§ MR. T. P. O'CONNOR
said, it was impossible to anticipate at that moment what would be the effect of this perilous change of front as regarded the 7th 766 clause, consequent upon the announcement made by the Prime Minister; but it would probably very much enlarge the domain of the Land Court. It was, therefore, now more than ever important that hon. Members should have some conception of the proposed Land Court. What he would respectfully ask the Prime Minister was, Whether, at the present moment, he was able to make any announcement respecting the constitution of the Land Court?
It does not appear to me, Sir, that this is a subject for a Question across the Table, even if it were with Notice, instead of, as it is, without. I do not see that the domain of the Court is going to be enlarged in the slightest degree; and, consequently, we should enter into matter of argument immediately between, the hon. Member and myself. But if he wishes to raise that question, no doubt he will be able to find an opportunity. I do not think we have as yet arrived at a point in the Bill at which it would be possible to entertain it with advantage. The House has not yet adopted the 7th clause, either in its present form, or with the modifications we propose.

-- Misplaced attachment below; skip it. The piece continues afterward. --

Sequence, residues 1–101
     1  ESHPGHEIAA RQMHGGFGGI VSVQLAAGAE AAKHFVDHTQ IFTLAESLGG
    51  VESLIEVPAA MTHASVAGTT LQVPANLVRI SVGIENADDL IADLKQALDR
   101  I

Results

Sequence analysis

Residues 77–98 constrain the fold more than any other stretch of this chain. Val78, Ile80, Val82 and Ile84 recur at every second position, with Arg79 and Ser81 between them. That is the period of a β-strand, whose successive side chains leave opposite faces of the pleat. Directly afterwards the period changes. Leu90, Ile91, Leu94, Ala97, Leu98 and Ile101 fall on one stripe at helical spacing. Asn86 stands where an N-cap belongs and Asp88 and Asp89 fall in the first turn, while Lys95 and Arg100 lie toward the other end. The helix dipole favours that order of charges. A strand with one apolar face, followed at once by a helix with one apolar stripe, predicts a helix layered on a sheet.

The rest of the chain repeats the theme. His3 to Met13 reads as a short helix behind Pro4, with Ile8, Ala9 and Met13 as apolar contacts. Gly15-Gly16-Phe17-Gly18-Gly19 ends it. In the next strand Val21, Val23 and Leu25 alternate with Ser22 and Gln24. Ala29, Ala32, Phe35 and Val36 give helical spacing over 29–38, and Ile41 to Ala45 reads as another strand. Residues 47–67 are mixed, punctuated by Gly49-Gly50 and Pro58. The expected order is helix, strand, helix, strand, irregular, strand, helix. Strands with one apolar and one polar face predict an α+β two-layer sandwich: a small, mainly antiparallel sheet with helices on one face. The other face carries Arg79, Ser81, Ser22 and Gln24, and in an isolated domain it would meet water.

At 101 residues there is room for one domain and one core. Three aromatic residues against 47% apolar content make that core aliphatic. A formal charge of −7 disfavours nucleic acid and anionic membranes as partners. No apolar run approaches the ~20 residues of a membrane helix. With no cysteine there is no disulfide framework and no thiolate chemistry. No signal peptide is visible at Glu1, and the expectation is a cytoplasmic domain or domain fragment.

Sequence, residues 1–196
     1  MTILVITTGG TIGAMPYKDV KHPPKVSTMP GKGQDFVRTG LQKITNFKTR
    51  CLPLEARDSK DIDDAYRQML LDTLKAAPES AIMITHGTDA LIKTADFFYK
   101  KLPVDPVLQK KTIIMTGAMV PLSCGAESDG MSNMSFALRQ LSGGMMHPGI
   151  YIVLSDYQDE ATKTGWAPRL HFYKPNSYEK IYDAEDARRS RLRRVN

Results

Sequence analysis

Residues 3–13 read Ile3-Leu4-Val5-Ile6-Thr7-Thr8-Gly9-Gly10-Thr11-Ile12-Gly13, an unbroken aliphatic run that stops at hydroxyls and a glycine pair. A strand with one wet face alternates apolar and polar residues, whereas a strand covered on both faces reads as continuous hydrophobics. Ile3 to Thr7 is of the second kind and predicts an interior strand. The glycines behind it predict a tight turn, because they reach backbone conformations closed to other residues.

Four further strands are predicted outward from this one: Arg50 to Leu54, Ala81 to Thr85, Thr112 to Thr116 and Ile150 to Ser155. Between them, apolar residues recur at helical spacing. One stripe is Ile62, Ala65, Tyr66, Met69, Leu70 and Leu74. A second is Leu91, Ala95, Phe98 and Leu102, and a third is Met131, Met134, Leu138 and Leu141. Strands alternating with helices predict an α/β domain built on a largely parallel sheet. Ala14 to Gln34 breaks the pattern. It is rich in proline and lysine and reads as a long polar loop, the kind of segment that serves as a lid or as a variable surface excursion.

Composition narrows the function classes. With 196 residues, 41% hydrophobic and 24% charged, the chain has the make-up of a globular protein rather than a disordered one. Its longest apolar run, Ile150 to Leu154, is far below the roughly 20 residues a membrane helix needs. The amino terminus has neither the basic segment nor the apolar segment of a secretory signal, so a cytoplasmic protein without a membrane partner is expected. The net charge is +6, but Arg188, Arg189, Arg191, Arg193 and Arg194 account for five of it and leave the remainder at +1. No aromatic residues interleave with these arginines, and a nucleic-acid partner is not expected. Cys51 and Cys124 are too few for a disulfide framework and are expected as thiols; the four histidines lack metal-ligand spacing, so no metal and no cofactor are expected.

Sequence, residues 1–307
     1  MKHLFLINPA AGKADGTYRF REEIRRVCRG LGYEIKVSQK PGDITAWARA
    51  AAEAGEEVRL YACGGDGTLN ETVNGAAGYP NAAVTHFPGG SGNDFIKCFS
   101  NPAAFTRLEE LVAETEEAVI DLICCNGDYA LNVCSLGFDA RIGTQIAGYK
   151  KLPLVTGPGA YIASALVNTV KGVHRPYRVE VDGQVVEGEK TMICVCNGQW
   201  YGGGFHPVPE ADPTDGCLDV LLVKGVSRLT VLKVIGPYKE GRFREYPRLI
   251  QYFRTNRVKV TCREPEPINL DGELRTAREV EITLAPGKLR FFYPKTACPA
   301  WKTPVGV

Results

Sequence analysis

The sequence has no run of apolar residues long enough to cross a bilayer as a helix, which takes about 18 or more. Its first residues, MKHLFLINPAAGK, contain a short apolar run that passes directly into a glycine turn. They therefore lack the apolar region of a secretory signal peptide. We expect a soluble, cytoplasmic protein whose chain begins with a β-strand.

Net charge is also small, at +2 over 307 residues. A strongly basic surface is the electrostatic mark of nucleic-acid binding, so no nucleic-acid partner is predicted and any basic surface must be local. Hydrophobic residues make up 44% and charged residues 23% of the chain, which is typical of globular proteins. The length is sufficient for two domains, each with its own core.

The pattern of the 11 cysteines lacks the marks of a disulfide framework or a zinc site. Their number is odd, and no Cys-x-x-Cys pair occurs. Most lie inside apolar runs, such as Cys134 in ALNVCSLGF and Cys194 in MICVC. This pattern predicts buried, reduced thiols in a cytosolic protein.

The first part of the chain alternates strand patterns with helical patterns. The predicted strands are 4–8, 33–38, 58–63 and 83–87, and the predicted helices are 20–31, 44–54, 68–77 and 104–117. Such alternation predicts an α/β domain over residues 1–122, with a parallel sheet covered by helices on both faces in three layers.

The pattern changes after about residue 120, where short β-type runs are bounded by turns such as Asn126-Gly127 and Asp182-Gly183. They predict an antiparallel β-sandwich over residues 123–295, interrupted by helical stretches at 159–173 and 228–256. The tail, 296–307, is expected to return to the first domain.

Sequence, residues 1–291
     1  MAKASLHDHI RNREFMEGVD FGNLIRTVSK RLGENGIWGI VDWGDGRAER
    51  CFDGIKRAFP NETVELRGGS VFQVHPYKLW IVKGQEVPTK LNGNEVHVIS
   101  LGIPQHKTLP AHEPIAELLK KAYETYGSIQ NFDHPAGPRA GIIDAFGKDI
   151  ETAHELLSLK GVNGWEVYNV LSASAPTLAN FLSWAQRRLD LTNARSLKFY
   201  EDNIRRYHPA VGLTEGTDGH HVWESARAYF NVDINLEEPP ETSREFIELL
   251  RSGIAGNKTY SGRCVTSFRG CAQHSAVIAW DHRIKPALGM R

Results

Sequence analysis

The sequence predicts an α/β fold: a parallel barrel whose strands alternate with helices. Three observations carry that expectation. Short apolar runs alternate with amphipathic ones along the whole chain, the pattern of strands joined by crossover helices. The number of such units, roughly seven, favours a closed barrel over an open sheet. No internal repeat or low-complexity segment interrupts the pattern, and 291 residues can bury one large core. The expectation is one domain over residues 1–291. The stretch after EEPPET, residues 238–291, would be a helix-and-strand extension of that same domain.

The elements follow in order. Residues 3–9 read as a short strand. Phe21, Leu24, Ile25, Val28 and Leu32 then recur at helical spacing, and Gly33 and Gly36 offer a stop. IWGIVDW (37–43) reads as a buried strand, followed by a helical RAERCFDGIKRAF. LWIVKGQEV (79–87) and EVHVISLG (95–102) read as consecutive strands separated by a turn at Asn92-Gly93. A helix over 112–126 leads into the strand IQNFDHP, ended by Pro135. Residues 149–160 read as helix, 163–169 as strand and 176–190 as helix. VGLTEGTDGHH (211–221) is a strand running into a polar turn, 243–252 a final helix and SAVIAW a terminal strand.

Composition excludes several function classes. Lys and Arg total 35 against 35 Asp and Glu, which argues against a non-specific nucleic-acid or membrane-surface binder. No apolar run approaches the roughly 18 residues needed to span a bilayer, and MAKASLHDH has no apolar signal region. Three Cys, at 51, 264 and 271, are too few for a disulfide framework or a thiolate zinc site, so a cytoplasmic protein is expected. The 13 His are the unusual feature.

§ MR. T. P. O'CONNOR
said, that if he were not in Order in asking a Question respecting the 7th clause, because that clause had not been reached, by what reasons did the right hon. Gentleman justify his own announcements regarding it?
§ LORD RANDOLPH CHURCHILL
said, he must remind the right hon. Gentleman that he put a Question some weeks ago, and from the answer he gathered that although he could not then communicate the names of the Commissioners, it was the desire of the Government to communicate them at the earliest convenient moment. He (Lord Randolph Churchill) should be glad to know whether he would give the names before they came to the 7th clause, which might be a very long time perhaps?
, in reply, said, that it would be difficult for the Government to give the names of the Commissioners until the House had determined that there should be Commissioners. He did not see how the names could be given before that time, otherwise they might be named to Offices which might never come into existence, 767 When the Government had a sufficient indication of the view of the. House, they would lose no time in making up their minds, and communicate the result to the House in time to enable them to take action if they thought fit.